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Reuters opens a news bureau in Second Life

Joining CNET News, Reuters has now opened a new news bureau inside Linden Lab's "parallel world" game Second Life. The story here is that Reuters will now bring their own news, photos, and video news to the game world and also an actual news page for real world readers to check the news out, which can be found here.
For those of you who have never heard of Second Life before, Second Life is a 3D, computer generated world where users buy land, create buildings, build up the land, buy clothing and other accessories, and overall live out a parallel life inside the game. On an average day, Second Life users spend about $350,000 real world U.S. dollars in the game, and about $130 million a year. That's alot of dough, and companies including Reuters, CNET, Sony BMG, Sun Microsystems, even Toyota and Reebok and other big names from around the globe are buying into the pie. Entire conferences are held inside Second Life these days, Vivox a VoIP company is even offering "one million" free VoIP minutes inside Second Life through in-game phone booths where you can call actual phones and mobiles.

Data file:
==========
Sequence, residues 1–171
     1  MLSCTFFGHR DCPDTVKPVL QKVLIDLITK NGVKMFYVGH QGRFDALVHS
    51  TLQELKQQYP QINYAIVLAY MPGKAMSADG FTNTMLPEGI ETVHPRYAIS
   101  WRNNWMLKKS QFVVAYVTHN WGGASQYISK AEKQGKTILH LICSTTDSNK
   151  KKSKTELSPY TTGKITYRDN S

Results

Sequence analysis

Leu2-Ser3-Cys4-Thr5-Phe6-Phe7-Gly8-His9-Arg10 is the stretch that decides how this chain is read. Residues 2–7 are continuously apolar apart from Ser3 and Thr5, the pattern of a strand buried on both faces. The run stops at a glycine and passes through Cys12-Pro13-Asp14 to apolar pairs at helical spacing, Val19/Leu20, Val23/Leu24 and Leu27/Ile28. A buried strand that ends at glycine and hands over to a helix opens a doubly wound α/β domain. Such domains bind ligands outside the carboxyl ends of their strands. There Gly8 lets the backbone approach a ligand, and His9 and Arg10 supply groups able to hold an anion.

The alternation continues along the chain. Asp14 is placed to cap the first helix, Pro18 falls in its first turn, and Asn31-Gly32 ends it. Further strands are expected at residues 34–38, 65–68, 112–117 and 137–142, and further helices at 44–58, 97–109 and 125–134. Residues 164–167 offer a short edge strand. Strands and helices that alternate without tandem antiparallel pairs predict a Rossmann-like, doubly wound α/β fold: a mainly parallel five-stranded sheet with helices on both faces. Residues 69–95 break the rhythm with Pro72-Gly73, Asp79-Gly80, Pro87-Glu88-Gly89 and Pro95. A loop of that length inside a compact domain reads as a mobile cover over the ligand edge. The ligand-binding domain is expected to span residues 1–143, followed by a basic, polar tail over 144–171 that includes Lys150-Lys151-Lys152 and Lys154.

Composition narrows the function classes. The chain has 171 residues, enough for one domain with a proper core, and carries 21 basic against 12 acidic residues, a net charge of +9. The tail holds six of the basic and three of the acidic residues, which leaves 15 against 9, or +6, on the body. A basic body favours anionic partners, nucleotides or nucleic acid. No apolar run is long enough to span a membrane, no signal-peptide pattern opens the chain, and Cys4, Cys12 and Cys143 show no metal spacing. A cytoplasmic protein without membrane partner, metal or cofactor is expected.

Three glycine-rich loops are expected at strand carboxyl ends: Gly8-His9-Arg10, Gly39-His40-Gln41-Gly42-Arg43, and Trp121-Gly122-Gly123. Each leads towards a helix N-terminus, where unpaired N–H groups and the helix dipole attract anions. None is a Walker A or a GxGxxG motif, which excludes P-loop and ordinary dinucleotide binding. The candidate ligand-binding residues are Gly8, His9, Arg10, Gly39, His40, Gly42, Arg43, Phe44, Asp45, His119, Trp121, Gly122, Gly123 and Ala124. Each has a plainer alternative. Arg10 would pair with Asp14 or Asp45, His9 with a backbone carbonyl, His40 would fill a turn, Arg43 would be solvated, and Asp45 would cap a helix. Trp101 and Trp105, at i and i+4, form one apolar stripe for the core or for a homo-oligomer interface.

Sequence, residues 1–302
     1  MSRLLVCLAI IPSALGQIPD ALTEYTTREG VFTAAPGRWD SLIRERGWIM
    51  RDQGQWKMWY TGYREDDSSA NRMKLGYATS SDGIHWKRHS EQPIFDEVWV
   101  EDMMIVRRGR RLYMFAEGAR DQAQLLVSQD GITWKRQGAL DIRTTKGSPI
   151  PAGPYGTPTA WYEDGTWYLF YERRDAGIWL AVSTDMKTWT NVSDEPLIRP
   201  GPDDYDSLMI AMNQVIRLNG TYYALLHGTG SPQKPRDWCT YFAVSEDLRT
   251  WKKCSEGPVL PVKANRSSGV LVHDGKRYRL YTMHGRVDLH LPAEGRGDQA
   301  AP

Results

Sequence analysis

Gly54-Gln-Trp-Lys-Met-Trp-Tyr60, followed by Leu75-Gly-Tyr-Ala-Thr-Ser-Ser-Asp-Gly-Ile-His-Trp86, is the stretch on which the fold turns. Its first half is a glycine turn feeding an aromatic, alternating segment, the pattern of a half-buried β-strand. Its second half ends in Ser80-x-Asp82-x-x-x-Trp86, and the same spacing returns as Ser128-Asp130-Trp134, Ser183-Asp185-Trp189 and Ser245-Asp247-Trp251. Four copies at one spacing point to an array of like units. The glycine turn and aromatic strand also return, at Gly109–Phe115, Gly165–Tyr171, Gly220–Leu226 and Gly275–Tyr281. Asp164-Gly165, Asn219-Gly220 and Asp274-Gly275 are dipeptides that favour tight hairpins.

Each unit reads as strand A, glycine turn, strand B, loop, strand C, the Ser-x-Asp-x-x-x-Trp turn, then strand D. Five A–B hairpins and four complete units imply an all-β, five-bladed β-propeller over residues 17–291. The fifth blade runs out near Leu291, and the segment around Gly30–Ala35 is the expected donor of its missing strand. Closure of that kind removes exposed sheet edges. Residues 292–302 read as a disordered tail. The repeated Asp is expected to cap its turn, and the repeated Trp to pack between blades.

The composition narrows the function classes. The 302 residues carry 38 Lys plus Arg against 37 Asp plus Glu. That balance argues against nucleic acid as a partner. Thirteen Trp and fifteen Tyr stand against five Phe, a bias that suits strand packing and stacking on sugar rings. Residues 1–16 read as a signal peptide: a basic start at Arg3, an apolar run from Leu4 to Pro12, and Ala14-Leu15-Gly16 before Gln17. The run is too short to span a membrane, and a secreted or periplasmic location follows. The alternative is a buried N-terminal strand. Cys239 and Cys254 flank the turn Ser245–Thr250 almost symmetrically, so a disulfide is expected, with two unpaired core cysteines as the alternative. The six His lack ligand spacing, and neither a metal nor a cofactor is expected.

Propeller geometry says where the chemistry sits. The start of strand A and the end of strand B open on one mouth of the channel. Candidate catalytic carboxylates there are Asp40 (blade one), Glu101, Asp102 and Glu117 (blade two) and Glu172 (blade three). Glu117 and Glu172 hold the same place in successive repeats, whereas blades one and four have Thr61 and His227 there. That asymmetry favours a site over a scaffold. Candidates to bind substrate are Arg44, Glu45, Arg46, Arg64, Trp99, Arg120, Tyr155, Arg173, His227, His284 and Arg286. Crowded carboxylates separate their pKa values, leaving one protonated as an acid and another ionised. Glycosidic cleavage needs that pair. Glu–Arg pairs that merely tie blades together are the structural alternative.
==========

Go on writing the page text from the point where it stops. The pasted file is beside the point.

Yup, Second Life is that big these days. The Linden Lab game has around 900,000 users, and continues to grow. Users can join the marketplace, and use a USD to Linden Dollars conversion to buy property, land, clothing and other things, and even make money off transactions in the game and from other activities. There are even "adult" areas of the game, with nude clubs, casinos and other adult oriented themes. Anyone can register for free, but to get the most out of the game world, you would eventually have to spend some money for whatever. Names are also limited for free users, and pay users, including these big companies will soon have the chance to pay to get real names in the game, for a $100 setup fee and $50 a year service charge. Companies will pay alot more of course. But they are lining up, as game growth continues to be in the double digits every month.
Adam Pasick, who will be known as "Adam Reuters" will be the first virtual news chief for the new Reuters bureau and says this is really no different than a normal non-cyber job once you get used to it. Journalists will report the news like any other outlet, and Reuters does not feel they are bending any editorial rules by doing this.
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